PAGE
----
Given recent events with UK and Europe… and the current strength of the Euro as a result then British buyers will find that property prices here are a little more expensive than they were prior to June 24 2016. This may stall the market for a while, and we may see more British owners adding their properties for sale. But as our market is primarily Spanish, French and Scandinavia then they will still be looking for a bargain.
We have dealt with several bank repossessions over the last 12 months but it is our experience that the bank quoted “offer” price is usually non-negotiable, the process often takes many more weeks longer than the usual re-sale, the property has more often than not been cleared of all fittings, and that any debts such as community charges, town hall rates, utility charges are not cleared by the bank. Thus making negotiation with the “seller” a far more complex issue.
Occasionally we do get a bargain property, but then they tend to move quite quickly as interested buyers will have already shown an interest in the particular location and be ready to move forward with a swift purchase – and they almost always tend to be cash buyers.
What urbanisations are there and can you describe each one and how they might differ from each other?
As I mentioned earlier, Almuñécar has not seen the kind of urban development’s as many of Spain’s Costas, and as such the municipality is more about location and district rather than what particular urbanisations have to offer. That is not to say that we do not have some – Fuentes de Almuñécar, Santa Cruz, Costa Banana to name a few – but here the buyers go for specific locations.
Still the most popular is the historic quarter of San Miguel at the centre of the old town of Almuñécar, and which has been declared as being of such cultural importance that there are now strict planning regulations to help retain the old charm of the traditional white washed houses. Other areas include Los Pinos, especially the villas close to the International school; the residential area of P4 apartment complexes built between 2000 and 2004 largely attracts Spanish clients from Granada, Jaen and Madrid; Cotobro, a community of independent hill top villas some dating back as far as the 1940s; and then there is Punta de la Mona, Figares, Cerro Gordo, Citasol and El Nogal attracting clients with much larger budgets to spend!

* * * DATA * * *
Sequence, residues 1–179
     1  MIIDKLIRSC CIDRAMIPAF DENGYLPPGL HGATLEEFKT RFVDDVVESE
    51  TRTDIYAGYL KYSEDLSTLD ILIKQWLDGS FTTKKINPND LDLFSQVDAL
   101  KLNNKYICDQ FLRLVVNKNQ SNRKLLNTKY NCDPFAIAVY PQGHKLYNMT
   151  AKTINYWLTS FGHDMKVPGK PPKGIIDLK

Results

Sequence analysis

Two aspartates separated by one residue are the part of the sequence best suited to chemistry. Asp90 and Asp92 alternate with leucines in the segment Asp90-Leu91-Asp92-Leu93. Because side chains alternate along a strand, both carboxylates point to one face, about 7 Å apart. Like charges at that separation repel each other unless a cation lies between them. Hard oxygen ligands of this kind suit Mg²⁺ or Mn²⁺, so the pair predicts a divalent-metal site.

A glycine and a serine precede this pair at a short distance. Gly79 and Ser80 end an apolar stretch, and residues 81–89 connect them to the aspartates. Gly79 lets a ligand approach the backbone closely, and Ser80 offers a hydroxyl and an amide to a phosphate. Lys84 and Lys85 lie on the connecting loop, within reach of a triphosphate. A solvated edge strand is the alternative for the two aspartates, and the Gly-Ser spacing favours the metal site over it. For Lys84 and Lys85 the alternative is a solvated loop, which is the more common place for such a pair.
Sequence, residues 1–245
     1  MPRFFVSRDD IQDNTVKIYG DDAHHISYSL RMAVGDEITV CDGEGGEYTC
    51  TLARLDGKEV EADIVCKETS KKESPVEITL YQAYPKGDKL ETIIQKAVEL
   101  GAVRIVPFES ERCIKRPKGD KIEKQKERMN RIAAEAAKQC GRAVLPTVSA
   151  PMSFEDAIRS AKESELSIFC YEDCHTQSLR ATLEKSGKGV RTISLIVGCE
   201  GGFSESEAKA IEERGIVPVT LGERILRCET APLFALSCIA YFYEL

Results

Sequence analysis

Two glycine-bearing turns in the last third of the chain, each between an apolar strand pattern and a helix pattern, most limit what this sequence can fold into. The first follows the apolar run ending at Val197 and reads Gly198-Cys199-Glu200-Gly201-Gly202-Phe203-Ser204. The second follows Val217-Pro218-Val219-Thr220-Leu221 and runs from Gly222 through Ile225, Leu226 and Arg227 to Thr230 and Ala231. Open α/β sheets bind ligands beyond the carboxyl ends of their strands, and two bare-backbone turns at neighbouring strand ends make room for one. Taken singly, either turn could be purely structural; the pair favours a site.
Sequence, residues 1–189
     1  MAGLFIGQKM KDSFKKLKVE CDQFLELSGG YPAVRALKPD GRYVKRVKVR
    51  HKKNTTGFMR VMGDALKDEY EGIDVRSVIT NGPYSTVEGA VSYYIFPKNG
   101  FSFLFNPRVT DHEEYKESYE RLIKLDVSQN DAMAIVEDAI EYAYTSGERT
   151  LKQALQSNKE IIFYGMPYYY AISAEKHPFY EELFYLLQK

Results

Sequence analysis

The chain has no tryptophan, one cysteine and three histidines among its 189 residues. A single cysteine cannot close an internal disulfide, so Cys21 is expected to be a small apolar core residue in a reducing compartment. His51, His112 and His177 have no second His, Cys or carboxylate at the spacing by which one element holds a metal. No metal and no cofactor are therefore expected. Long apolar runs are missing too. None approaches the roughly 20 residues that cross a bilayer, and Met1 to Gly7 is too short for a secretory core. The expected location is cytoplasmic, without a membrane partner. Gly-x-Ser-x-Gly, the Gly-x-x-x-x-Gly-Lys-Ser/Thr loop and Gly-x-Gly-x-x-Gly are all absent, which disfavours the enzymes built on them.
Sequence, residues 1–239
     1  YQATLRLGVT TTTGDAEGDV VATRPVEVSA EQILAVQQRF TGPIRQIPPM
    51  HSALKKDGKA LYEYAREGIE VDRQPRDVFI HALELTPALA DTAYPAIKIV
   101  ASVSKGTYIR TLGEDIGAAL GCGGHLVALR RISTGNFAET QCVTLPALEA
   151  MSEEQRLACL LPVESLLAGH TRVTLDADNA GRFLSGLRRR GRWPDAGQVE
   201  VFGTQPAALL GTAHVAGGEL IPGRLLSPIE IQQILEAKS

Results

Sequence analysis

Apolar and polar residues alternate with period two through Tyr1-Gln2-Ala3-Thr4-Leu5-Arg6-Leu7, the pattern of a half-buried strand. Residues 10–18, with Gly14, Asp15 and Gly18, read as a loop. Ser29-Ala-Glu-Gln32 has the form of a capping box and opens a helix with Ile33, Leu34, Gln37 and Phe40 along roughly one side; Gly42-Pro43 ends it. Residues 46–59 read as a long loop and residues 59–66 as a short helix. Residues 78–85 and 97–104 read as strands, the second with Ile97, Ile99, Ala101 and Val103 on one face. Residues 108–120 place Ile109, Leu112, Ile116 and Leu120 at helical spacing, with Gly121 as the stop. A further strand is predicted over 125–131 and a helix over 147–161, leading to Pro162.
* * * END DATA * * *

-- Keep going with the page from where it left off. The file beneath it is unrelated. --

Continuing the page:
How much are typical property prices in Almuñecar for apartments, villas etc?
Tropicana has been operating on the Costa Tropical since 1999, and if we take 2008 as the real estate turnaround when prices and buyer numbers began to fall and property volume increased then today there is some slight shift in improvement. Here the excess of property for sale on the market has had some effect but not as much as other towns and Costas.
For example a typical sea front 2 bedroom apartment in 2008 selling for 210,000 euros will now be around 170,000. A typical 3 bedroom townhouse in the old town selling for 175,000 euros in 2008 sold for 120,000 this year. And a villa in Cotobro for 480,000 euros in 2008 recently changed hands at 365,000.
Today our cheapest sea front studio apartment starts at 70,000 euros, a modern 1 bedroom apartment in the town centre for 100,000 euros, and we have 3 bedroom villas starting from 220,000 euros.
Any tips and advice to people looking to buy in Almuñecar or surrounding area?
If you are serious about investing in property in Spain then you should not just be looking at the price but also the location and the facilities, the history and culture available to you, and of course appreciate your willingness to integrate with the local community. While it is possible to spend your time here not speaking any Spanish, by doing so you will miss out on so much… The experience of life in Almuñécar and the surrounding villages and communities will be improved by just learning a few Spanish phrases. So you should make that one of your priorities, I think.
Finally, as many of our clients have discovered for themselves, it is often better to rent a property for a few months and then look around the area to be sure which locations appeal and which do not, which get the sun in winter and which get the sun in summer, which residences are popular holiday accommodations and which are more residential, the amenities available close by, transport and local bus service options, etc… will all influence particular requirements – especially when making such a lifestyle change.
It’s all about getting it right from the start and not finding out 2 years later that maybe that fourth floor 2 bedroom apartment with terrace would have been a better choice than a 3 storey townhouse with roof terrace up the hill!
Martin, thank you so much for taking the time to help our readers with your experiences in Spain. If you want to contact him, you can find his details below.
Carrera de la Concepcion 28 Bajo
18690 Almuñécar (Granada) España
Tel. +34 958 630 320
Fax +34 958 639 078